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In 1971 Bill Lawry became the first Australian captain to be sacked in the middle of a series ... and he paid the price for negativity and daring to challenge the authority of the Australian board
December 16, 2006
In that match Australia were playing for the first time under the captaincy of Ian Chappell. Their captain for the previous six Tests, and for three years before that, had been Bill Lawry. But after a draw in the sixth Test at Adelaide, Lawry had been unceremoniously dumped by the selectors, the first Australian skipper to be sacked during a series. So badly was he treated that he found out from fellow opener Keith Stackpole, who had himself been told by a former team-mate.
This was no ordinary dismissal, however. Australia were only one down, and as Australia held the Ashes, all they needed was to win the last game against a tired England side to retain them. What is more, Lawry, a virtual fixture in the side since 1961, had not had a bad series with the bat, scoring 324 runs in five Tests at 40.50. On the face of it, it seemed a callous decision.
But behind the scenes, Lawry had hardly courted popularity either on or off the pitch. As a captain he had started well, retaining the Ashes in England in a disappointing series, but that was followed with a tremendous series win against West Indies in which he made three big hundreds. But then the rot set in.
On a gruelling tour of India and South Africa in 1969-70 the strain seemed to get to him. In India he repeatedly clashed with officials and the media, and in South Africa he added antagonising spectators into the mix. What is more, a non smoker and non drinker, he became more distant from his own team. "He became a virtual recluse," Jack Pollard wrote, "disappearing after each day's play." His form with the bat was also less impressive, with only 432 runs at 28.80 in nine Tests on the tour.
It was on that trip that Lawry took on his own cricket board head on. Unhappy at a punishing itinerary and poor conditions, he adopted an increasingly confrontational approach. Lawry eventually wrote a letter to the board outlining the organisational faults of the tour, a move he admitted caused him "a lot of strife". He added: "I think they took exception to that."
"As far as I am concerned, putting in that letter was the end of Lawry as captain," Chappell said. "Then it was just a matter of them getting rid of him."
The 1970-71 Ashes started with Lawry still under a cloud after a scathing report by tour manager Fred Bennett. As the series progressed, Lawry came under fire for some uninspiring captaincy with a safety-at-all-costs strategy. In the fourth Test at Sydney, England went ahead with a 299-run win, and his critics became more vocal. His own batting, which was committed but never spectacular - Ian Wooldridge, the English journalist, called him "a corpse with pads on" - had become even more stodgy. In the series he had batted more than 24 hours, averaging around 13 runs an hour.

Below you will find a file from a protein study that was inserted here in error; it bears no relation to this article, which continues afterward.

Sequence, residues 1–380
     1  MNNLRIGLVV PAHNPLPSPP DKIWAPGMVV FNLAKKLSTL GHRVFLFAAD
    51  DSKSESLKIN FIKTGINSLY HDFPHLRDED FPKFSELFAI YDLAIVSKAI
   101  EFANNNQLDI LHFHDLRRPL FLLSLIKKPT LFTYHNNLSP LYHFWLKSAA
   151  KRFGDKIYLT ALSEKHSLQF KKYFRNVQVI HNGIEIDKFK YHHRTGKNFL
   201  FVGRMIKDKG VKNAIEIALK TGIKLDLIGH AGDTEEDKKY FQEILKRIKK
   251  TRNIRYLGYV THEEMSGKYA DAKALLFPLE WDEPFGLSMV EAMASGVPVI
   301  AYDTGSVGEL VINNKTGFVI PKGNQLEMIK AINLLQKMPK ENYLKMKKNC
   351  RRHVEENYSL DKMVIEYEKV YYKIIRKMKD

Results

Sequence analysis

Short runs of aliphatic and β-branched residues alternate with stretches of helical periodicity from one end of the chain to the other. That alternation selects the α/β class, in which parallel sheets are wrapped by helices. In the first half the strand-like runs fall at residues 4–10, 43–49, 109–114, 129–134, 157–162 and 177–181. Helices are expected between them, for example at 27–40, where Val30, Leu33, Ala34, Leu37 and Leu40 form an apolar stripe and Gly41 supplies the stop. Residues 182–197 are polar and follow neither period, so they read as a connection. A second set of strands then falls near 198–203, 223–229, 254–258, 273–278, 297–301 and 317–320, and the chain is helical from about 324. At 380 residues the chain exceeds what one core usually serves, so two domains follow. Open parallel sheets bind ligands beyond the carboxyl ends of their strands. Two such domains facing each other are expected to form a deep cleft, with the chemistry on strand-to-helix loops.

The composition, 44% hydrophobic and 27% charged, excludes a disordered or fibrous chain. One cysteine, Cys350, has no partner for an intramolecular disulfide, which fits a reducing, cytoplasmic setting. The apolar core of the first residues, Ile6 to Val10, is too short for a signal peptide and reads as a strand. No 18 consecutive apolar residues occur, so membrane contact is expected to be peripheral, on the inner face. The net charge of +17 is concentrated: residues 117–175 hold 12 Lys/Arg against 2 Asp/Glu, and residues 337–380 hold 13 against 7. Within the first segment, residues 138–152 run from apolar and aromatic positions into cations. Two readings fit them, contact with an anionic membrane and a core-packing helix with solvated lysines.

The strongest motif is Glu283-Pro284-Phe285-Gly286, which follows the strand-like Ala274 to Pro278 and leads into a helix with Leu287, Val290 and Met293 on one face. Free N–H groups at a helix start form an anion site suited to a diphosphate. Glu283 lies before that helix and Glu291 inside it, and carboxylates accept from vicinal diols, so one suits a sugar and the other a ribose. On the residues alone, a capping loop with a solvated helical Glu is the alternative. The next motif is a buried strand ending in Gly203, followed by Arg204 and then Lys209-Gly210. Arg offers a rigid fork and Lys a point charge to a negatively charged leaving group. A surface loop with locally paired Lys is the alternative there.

In the fifth and sixth Tests Australia continued to lack enterprise. "It has hardly been possible to find a taxi driver in the last couple of months who has not thought that Lawry should go," wrote John Woodcock in The Times. At the end of the sixth Test, Keith Miller had called for the banishment of Lawry, Illingworth and the urn, so dire had the cricket become.
"He led the side like he approached an innings at the crease," Snow wrote in his autobiography Cricket Rebel. "Full of caution in a low-key style and unwilling to take the slightest risk."
With a win needed in the deciding Test, Australia's selectors had no qualms about ditching an ultra-defensive leader who had also been a pain in their collective backsides. Wisden noted that "he was negatively unimaginative but to drop him from the side for the vital last match was generous to England".
"I've no anger about being dropped," Lawry said. I hadn't been playing well in that series and I had no compassion when I was dropping players as a selector."
As Lawry found out the news third-hand, Chappell was told of his appointment. "It's unbelievable," was his first reaction. "I feel sorry for Bill ... he's been a good captain." But knew what was in store, as he later recalled. "I said to my wife, Kay, 'The bastards will never get me like that'".
Paul Sheahan, another who had played under Lawry, was equally appalled at the manner the situation had been handled. "The fact that no-one had the courage to tell him he was to lose his job as Australian captain was disgraceful."
England won the final Test, and with it the series and the Ashes, and the Australian side, which contained three other uninspiring changes, was simply not good enough. Lawry, meanwhile, had already been signed up as a commentator; a career that lasts to this day.
And if the board thought that replacing Lawry with Chappell would make their life easier, they were soon given a rude wake-up call. Chappell, who had been instrumental in leading a player revolt against the side playing an extra Test in South Africa in 1970, was very much his own man, and he soon showed he was prepared to take them on, gloves off. The seeds of what ended in Kerry Packer's World Series Cricket had been sown.
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